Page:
5 Things You Should Never Do When Washing Your Car
The United States has a huge DIY culture. From DIY home improvements, DIY vehicle restorations, and even DIY alternative energy — Americans will do it ourselves if we can. But even if you’re not a die-hard DIYer, chances are you’ve washed and detailed your cars before. Considering it can cost between $50 and $300 for a professional detailing job, learning how to do it yourself would save you a lot of money.
Sure, washing your car isn’t rocket science, but whatever you do, don’t do the following. It’ll ruin your paint job.
1. Never use just any rag or towel when washing your car
According to the auto insurance company Geico, “Don’t use just any old t-shirt, towel, or rag” to wash your car’s exterior. These materials are cheap and easy to come by. But they’re far from being a replacement for professional-grade towels or sponges. Professional detailers typically use a microfiber cloth, which is easier on your car’s paint.
Use a microfiber chenille noodle mitt for a gentle wash, Geico recommends. A chenille mitt is not only much softer than cotton but also more absorbent than sheepskin washing mitts. The added softness allows the chenille to glide frictionlessly over the car’s exterior. It requires fewer wipes, saving you time, energy, and wear on the exterior paint.
“For a fast, streak-free finish, use two waffle-weave towels and wipe off as much glass cleaner as you can with the first towel, then buff away any last drops or streaks with the second,” the author continues.
2. Never use a circular motion
Avoid using circular motions when washing or drying your vehicle. Circular wiping introduces superfine scratches on the paint or clear coat. Over time, these scratches will become more noticeable and harder to smooth out. And it turns out that when it comes to waxing your car, Mr. Miyagi was wrong.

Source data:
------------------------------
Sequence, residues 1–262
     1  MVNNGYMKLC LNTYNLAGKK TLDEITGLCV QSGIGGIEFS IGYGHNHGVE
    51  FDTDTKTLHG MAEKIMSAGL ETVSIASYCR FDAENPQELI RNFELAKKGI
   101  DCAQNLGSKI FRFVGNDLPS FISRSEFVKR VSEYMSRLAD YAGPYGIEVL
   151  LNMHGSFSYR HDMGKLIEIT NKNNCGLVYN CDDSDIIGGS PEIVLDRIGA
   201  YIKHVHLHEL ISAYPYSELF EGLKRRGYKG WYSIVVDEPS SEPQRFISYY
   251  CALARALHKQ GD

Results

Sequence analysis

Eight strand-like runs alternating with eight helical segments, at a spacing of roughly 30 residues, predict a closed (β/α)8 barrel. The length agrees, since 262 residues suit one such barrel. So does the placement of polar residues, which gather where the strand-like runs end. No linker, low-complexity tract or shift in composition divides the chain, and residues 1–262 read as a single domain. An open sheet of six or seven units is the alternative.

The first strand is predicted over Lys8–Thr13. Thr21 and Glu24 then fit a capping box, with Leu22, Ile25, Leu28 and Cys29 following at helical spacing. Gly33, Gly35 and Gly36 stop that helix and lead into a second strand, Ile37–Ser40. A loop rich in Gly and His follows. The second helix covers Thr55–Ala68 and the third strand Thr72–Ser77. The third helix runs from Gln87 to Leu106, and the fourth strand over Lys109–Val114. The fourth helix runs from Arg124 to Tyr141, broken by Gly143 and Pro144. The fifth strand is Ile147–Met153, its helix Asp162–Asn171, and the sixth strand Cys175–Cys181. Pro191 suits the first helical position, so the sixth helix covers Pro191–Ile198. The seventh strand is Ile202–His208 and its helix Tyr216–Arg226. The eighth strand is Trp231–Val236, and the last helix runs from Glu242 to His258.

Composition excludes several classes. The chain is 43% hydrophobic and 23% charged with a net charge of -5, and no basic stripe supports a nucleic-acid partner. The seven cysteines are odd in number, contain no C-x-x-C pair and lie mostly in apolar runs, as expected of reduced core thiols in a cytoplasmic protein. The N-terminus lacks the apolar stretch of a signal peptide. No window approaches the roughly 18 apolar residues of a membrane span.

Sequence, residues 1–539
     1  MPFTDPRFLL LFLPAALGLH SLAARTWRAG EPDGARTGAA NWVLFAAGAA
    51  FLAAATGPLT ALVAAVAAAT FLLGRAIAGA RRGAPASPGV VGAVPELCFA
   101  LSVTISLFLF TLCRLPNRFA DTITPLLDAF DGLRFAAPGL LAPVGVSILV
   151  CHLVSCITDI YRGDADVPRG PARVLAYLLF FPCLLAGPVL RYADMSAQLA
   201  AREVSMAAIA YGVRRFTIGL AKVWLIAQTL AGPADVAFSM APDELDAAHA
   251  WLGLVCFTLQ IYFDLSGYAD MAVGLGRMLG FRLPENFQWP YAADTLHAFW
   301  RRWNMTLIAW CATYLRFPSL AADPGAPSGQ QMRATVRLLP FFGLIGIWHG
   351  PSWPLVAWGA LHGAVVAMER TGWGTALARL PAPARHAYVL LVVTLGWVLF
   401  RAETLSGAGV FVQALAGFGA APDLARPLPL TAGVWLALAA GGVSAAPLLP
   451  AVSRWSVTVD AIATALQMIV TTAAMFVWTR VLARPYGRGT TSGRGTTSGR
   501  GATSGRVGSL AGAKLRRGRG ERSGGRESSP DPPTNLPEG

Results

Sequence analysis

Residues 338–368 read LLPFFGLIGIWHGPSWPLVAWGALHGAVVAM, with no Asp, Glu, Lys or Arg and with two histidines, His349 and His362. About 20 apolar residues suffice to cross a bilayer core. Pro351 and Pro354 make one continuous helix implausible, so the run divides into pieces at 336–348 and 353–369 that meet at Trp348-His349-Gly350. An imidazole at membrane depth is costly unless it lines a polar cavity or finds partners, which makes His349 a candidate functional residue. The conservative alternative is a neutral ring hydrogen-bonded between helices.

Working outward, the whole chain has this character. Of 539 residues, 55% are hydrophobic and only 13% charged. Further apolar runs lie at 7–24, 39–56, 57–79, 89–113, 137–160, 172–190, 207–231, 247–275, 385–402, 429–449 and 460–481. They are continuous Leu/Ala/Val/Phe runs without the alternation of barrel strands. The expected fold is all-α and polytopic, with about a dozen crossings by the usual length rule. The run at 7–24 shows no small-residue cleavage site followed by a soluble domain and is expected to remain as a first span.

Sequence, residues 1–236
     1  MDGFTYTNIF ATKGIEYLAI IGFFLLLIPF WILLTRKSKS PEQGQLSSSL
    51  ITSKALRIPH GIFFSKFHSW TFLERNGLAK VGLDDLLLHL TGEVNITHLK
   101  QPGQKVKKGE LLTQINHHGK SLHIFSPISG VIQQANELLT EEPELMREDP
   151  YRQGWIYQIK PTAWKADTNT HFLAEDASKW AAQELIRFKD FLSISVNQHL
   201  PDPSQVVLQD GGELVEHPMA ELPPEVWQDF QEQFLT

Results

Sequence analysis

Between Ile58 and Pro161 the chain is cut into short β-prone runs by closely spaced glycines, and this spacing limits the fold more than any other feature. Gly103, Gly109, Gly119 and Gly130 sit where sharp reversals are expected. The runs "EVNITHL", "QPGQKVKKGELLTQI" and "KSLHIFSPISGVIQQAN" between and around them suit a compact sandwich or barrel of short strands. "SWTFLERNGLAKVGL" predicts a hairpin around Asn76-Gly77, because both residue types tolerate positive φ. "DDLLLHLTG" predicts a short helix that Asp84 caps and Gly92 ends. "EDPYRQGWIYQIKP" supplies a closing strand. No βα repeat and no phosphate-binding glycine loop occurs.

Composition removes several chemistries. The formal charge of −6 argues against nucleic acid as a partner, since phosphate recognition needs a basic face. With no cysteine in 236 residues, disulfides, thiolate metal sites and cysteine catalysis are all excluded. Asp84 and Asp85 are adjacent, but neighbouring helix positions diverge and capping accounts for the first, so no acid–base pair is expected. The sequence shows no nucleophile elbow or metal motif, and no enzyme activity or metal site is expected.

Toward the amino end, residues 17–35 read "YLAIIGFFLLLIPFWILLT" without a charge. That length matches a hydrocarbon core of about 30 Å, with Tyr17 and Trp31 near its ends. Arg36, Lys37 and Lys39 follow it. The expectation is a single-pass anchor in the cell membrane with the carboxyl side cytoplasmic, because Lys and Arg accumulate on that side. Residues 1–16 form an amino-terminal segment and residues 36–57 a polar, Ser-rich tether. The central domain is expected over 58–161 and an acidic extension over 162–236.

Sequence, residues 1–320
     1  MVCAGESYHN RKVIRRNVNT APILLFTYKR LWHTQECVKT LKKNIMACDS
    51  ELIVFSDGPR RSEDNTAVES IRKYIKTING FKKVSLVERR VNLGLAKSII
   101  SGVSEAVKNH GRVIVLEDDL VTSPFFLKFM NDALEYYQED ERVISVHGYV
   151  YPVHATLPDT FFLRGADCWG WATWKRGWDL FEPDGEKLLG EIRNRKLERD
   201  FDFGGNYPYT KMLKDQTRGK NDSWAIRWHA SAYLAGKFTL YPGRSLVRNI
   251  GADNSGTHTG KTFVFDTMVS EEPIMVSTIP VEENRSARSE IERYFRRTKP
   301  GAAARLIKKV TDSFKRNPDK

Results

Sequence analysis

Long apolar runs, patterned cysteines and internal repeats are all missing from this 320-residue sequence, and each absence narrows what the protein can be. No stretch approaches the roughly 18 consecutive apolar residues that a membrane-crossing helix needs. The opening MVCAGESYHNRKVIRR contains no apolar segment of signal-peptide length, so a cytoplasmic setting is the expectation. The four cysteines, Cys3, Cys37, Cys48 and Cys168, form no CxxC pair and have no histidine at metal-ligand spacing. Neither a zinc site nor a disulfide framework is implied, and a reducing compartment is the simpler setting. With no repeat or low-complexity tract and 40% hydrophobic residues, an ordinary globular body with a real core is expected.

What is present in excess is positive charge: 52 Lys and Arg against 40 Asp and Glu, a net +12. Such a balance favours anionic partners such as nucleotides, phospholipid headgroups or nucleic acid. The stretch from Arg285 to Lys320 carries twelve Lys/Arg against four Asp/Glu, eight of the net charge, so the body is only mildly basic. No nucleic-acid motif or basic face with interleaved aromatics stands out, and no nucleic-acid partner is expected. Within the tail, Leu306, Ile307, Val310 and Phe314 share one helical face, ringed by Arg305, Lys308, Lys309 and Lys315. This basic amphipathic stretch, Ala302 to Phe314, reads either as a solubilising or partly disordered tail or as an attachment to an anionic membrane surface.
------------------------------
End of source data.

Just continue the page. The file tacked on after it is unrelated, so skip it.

Waxing in circular motions will only result in blemishes messing up your wax job. Rather, it’s better to wash, rinse, and wax in straight lines or Z patterns (if you get bored of moving in straight lines). Reserve circular motions for people who don’t keep their hands to themselves — hands on, hands off.
“An accidental scratch in a straight line will be easier to touch up,” Geico adds.
3. Never let any rags touch the ground
According to car washing guidance from the National Automotive Parts Association (better known as NAPA), don’t let anything you use to wash your car’s exterior touch the ground. It’s a good idea to use the “three-bucket method” so that you don’t spread dirt and contaminants from the grimier surfaces of your car — like from your dirty wheels. Failing to thoroughly wash your mitt, drying cloth, or detailing rag after it makes contact with the ground guarantees scratches and “spiderwebs” in your paint.
We’re not merely suggesting you give it a few dips in the bucket or rinse it under the faucet — to be totally sure, machine-wash it first. But the best thing to do is prevent it from happening by using both hands when washing, drying, and detailing.
4. Never wash your car in direct sunlight
There’s a reason why professional car washes provide shade from direct sunlight. And, no, those awnings aren’t to keep you from sweating. NAPA says that most professional detailers advise “against washing your car on a bright, sunny day.” But because almost everyone prefers to wash their cars on bright, sunny days, be sure to do it under the shade of a tree or carport.
Your vehicle needs to stay as wet as possible during washing. “Keeping the car wet with a light drizzle of water, parking in the shade, or washing in the early evening will prevent spots from forming,” NAPA explains. “It’s also important to rinse with an indirect spray instead of a jet blast of water.”
Additionally, if the soap water dries too fast, you’ll end up with annoying spots covering nearly every inch of your “freshly” washed vehicle.
5. Never wear jewelry or clothing with exposed zippers
The final bit of advice: Wear “car-friendly clothes” when washing the exterior, Geico suggests. Avoid clothing such as zip-up jackets and pants with buttons exposed in the front, as well as accessories such as belt buckles, necklaces, bracelets, and rings.
Geico goes as far as advising you to wear a microfiber apron.
“While it may seem overzealous to put on a car-washing outfit … even buttons can scratch [the] paint.”